Paul Jackson Music

Paul Jackson Music

Sunday, 28 July 2013

#14: "Lights, camera..... "

There is a camera shop in Brighouse that I remember first visiting when I was ten years old in 1984. I went there specifically to buy some film for a cine camera that I had been given by a relative. However between me receiving the cine camera, and me going to buy some film for it, I spent several months on a creative high. After receiving the camera, there was only one thing on my decade-old mind to do: make a movie.
I started plotting out a story and developing characters and soon began writing a script. I had a toy blaster gun which was to be used as a prop, and my dad helped me paint a large piece of hardboard jet black before I used a brush to spray white painted dots everywhere, resulting in a makeshift ‘space’ backdrop. This was to be a sci-fi adventure film heavily appropriating elements from Star Wars, Battle Beyond The Stars and Battle Of The Planets. I scouted locations for various scenes on the industrial estate and fields near where I lived in Elland, and I started casting at my primary school, persuading friends to take on various roles. At no point during this process did I consider how, where and when to buy film, or how I would edit it or even how I would dub the sound, as this was a silent camera. Regardless of that I started compiling a soundtrack which would include a recording I had of Finlandia by Sibelius for the main score, and a Hammermen recording of Duane Eddy’s “Rebel Rouser” for the end party celebration sequence. Besides music I also picked through a couple of BBC sound effects albums I had. I drew various scenes and poster ideas for it and very soon I felt ready to start making it. I went to the camera shop to inquire about buying film for the camera, somehow expecting to be able to afford it at ten years old. I learned that three minutes of silent film, which couldn’t be erased and used again, would be £15. This was in 1984. I was planning the film to be a lot longer than three minutes, and I hadn’t allowed for retakes or anything. That was when the creative flow came to an abrupt end and the idea of making a movie remained just that.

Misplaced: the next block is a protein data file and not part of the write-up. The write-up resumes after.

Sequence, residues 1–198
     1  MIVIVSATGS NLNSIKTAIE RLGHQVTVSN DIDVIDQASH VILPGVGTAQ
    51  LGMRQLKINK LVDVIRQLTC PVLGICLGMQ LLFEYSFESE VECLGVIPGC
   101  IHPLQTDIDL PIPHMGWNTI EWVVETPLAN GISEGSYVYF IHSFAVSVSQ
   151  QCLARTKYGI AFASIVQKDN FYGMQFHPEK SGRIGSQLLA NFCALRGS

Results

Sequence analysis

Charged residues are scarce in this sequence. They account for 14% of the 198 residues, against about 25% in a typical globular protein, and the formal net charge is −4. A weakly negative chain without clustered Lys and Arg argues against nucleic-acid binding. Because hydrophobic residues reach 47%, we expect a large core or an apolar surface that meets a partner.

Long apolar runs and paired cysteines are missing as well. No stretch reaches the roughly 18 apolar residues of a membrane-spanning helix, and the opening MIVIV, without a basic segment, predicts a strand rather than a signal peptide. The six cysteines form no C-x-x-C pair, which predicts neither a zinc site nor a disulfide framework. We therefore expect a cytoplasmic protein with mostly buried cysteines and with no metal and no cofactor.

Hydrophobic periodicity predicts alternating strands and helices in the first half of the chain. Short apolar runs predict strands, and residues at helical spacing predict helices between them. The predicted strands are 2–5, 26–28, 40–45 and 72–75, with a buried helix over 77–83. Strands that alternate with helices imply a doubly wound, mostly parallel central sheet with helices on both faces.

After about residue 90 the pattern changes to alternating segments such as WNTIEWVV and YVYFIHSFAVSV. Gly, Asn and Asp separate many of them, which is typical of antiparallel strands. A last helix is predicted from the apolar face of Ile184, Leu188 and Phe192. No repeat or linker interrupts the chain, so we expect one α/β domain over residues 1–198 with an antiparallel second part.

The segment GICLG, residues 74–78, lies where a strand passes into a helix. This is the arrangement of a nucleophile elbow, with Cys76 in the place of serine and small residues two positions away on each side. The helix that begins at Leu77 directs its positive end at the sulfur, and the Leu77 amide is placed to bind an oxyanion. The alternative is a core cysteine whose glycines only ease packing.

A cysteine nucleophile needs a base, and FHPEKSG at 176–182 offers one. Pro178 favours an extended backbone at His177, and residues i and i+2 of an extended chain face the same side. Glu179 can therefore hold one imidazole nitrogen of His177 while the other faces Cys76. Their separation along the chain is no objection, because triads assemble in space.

However, the sadness in failing to realise the vision I had seemed to disappear quite quickly. The creative process had been so much fun that it never felt like it had been a waste of time. I’ve always looked back on those months fondly and wonder if the end result, had I somehow managed to cobble together some movie footage accompanied by an audio cassette, might have been so bad that it would have ruined the whole experience.

El Mariachi
by Robert Rodriguez
By the time I was introduced to video cameras where you recorded directly onto a video cassette, my destiny was leading me on a more musical journey than a filmmaking one. The times when I did borrow a video camera at school and at university were more based around making little music videos and filming live performances.
My passion for films and how they are made and who makes them has never diminished. In fact it has grown and grown over the years. While I’ve never had plans or aims to consider making films, I’ve devoured many books and films on the craft of film making. Robert Rodriguez’s book on how he put his film El Mariachi together is still one of my favourites and I’m forever lapping up DVD commentaries and documentaries on the filmmaking process. Kevin Smith’s podcasts are now a regular fixture for me,particularly his Film School Fridays series where he talks and advises new filmmakers, and his series of Q&A shows give a fascinating insight into his journey into making movies.